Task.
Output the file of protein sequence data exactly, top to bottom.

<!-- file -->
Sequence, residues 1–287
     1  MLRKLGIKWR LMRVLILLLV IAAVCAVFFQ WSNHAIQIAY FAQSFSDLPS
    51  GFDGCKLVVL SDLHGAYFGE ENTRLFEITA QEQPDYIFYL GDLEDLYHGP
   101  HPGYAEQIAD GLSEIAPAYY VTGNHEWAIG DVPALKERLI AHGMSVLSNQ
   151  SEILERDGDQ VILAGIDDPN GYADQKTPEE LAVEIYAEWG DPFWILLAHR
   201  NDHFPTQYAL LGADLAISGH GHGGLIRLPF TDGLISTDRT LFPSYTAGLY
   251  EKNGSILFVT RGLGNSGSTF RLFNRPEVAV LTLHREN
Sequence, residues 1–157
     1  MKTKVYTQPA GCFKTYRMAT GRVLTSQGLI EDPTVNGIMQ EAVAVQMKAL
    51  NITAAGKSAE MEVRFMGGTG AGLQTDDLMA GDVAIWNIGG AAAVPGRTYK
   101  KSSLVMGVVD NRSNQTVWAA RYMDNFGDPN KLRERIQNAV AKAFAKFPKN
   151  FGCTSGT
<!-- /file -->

Sequence, residues 1–287
     1  MLRKLGIKWR LMRVLILLLV IAAVCAVFFQ WSNHAIQIAY FAQSFSDLPS
    51  GFDGCKLVVL SDLHGAYFGE ENTRLFEITA QEQPDYIFYL GDLEDLYHGP
   101  HPGYAEQIAD GLSEIAPAYY VTGNHEWAIG DVPALKERLI AHGMSVLSNQ
   151  SEILERDGDQ VILAGIDDPN GYADQKTPEE LAVEIYAEWG DPFWILLAHR
   201  NDHFPTQYAL LGADLAISGH GHGGLIRLPF TDGLISTDRT LFPSYTAGLY
   251  EKNGSILFVT RGLGNSGSTF RLFNRPEVAV LTLHREN
Sequence, residues 1–157
     1  MKTKVYTQPA GCFKTYRMAT GRVLTSQGLI EDPTVNGIMQ EAVAVQMKAL
    51  NITAAGKSAE MEVRFMGGTG AGLQTDDLMA GDVAIWNIGG AAAVPGRTYK
   101  KSSLVMGVVD NRSNQTVWAA RYMDNFGDPN KLRERIQNAV AKAFAKFPKN
   151  FGCTSGT